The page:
Innovative Bike Paraphernalia
I’ve had some untested ideas about a device that reduces helmet airflow noise…
My device works by reducing the turbulence that causes wind noise. Turbulence occurs when air flows around obstructions; in this case, around the helmet straps and the outer ear (pinna).
It’s important that my device works by reducing turbulence and not by muffling all sounds. Other sounds such as cars and emergency sirens can still be heard.
Neat. These have been available for a while and claim to do the same thing.
I’ve used their “The Spoiler” product in the past, and found it minimally effective.
I know someone with the Cat Ears product that loves them.
A science digression: I’m skeptical that turbulence is the cause of the wind noise problem and that reduction of turbulence is the key to the success of Cat Ears for cyclists or fur windscreens for microphones. I suspect the problem is wind speed at the sensor (eardrum or microphone) and fur works by slowing the wind speed at the sensor.
If old people stopped using ear hair trimmers, maybe we wouldn’t need Cat Ears.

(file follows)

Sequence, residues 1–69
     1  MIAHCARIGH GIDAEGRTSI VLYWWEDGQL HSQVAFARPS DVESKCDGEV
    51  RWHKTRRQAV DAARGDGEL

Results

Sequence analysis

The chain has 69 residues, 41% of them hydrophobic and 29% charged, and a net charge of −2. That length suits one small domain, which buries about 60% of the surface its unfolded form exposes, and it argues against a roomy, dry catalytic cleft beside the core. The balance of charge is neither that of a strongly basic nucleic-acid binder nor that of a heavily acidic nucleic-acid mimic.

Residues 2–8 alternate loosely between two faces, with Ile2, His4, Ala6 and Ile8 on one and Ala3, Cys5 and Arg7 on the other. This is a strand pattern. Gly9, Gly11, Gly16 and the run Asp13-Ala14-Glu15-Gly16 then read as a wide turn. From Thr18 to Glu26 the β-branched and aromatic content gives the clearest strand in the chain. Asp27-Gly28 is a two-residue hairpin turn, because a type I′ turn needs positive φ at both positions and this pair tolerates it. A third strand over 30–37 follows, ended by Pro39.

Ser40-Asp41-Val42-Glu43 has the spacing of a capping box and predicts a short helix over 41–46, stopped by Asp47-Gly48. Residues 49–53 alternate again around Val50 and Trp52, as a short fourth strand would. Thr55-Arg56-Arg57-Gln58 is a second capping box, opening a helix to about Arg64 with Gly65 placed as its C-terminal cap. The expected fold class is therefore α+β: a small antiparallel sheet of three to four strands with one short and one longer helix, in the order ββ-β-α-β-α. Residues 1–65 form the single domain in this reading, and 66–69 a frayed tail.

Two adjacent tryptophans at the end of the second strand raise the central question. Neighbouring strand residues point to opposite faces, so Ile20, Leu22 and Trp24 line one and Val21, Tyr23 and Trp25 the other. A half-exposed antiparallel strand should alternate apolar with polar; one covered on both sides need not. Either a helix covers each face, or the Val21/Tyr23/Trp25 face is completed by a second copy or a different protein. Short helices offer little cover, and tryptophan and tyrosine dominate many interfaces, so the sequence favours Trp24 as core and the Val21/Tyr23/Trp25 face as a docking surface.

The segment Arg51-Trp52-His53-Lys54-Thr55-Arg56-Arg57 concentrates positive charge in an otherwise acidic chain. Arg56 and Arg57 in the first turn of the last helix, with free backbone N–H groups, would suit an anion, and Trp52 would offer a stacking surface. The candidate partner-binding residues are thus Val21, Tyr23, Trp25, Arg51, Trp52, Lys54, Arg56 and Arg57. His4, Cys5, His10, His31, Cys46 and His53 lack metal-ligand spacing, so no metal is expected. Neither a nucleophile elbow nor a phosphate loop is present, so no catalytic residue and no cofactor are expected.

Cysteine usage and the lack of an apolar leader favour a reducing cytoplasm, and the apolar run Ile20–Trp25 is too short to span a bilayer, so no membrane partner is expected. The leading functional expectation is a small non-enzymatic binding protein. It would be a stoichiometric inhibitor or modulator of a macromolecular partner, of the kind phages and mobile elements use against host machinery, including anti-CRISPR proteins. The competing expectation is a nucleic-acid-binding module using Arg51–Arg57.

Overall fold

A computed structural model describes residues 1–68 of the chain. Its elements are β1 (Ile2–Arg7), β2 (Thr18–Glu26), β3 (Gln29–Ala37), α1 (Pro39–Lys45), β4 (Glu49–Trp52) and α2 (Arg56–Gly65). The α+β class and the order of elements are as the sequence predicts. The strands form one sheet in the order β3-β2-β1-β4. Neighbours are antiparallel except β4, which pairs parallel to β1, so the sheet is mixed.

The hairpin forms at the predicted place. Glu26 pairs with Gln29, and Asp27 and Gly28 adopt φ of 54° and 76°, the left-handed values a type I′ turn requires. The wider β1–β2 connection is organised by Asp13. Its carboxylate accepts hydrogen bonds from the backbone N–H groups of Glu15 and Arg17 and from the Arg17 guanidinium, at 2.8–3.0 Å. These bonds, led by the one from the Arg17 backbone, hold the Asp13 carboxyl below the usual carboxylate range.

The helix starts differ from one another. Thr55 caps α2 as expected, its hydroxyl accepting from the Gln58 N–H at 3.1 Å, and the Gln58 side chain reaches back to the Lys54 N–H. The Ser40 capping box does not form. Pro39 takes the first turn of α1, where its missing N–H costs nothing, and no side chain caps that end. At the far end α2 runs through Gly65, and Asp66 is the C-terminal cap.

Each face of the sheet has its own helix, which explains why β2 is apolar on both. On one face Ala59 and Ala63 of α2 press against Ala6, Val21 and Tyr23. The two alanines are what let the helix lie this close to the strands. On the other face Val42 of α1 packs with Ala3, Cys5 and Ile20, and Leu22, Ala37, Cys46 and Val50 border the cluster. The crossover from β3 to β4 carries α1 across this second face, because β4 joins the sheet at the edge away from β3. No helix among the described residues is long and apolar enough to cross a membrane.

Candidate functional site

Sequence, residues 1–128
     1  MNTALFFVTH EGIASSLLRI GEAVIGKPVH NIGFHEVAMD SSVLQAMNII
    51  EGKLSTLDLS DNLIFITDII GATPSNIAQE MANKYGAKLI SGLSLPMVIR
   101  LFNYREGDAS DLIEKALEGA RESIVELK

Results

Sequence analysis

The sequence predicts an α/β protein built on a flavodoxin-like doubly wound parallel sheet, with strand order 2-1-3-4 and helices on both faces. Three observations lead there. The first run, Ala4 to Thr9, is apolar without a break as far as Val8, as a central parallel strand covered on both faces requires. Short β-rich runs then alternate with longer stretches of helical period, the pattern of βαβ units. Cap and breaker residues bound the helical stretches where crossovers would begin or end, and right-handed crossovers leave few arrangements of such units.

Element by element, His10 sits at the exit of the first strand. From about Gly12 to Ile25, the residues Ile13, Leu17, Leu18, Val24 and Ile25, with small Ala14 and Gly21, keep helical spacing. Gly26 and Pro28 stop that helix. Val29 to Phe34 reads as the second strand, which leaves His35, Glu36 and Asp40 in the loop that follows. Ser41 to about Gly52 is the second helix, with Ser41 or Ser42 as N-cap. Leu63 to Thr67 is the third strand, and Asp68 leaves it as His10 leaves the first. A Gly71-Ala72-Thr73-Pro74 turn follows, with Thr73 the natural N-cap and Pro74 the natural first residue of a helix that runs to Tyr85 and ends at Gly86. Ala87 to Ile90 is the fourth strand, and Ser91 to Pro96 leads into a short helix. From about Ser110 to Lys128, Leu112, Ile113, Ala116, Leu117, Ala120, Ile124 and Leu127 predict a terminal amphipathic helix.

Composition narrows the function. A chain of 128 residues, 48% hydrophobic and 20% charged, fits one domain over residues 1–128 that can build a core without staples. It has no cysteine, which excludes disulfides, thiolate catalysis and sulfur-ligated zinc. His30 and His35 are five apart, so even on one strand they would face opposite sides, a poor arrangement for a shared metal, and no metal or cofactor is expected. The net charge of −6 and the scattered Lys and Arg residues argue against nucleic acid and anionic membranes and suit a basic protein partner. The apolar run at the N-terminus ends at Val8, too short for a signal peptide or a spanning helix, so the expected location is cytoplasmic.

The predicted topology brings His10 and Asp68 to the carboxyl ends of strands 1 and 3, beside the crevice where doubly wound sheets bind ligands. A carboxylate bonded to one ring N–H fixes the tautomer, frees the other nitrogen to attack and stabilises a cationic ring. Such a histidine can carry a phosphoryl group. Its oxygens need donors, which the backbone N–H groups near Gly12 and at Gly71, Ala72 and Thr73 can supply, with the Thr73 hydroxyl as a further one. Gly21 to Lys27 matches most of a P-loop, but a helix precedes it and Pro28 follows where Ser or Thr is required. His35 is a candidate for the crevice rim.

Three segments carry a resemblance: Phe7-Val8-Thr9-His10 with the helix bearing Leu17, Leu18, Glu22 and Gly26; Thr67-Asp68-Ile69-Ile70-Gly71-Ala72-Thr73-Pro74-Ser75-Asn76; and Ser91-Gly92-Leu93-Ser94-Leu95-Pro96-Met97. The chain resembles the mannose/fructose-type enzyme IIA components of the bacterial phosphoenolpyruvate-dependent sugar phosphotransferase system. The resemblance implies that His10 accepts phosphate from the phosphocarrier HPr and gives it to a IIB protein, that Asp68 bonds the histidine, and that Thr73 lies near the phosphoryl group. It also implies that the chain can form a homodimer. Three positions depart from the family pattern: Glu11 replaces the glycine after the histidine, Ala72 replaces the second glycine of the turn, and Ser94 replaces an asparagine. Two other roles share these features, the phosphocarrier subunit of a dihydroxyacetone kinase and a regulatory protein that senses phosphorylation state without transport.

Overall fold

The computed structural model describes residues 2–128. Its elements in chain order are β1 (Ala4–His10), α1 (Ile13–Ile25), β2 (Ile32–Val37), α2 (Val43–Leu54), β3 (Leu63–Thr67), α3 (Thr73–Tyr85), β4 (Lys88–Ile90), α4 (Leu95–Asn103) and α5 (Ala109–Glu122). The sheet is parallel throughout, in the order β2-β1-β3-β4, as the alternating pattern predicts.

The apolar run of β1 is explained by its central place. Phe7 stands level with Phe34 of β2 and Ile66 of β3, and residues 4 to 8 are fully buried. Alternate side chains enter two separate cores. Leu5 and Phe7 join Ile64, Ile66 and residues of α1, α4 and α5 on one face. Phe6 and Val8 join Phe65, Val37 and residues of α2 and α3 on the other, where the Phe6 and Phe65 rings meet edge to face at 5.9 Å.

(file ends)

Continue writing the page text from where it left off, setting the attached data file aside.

Science from https://www.noisyplanet.nidcd.nih.gov/have-you-heard/wind-noise-can-contribute-to-noise-Induced-hearing-loss-in-cyclists
Researchers from Henry Ford Hospital Department of Otolaryngology—Head and Neck Surgery found that wind-related noise experienced by cyclists can be loud enough to contribute to noise-induced hearing loss—with wind noise increasing proportionally with speed, ranging from 85 decibels at 15 mph (about the speed of an average cyclist on flat terrain) to 120 decibels at 60 mph (the approximate speed of a professional cyclist racing downhill).
To study the impact of wind noise, researchers used the Ford Motor Company aero-acoustic wind tunnel to generate wind speeds ranging from 15-60 mph. Cyclists were fitted with microphones attached to their ears to measure the noise level at various speeds, with sound measurement taken with the cyclist’s head position at 15-degree increments relative to the wind. Interestingly, researchers discovered that wind noise was greatest for the cyclist’s downwind ear due to air turbulence caused by whirlpool currents observed on the downwind side. You can read more about the study online: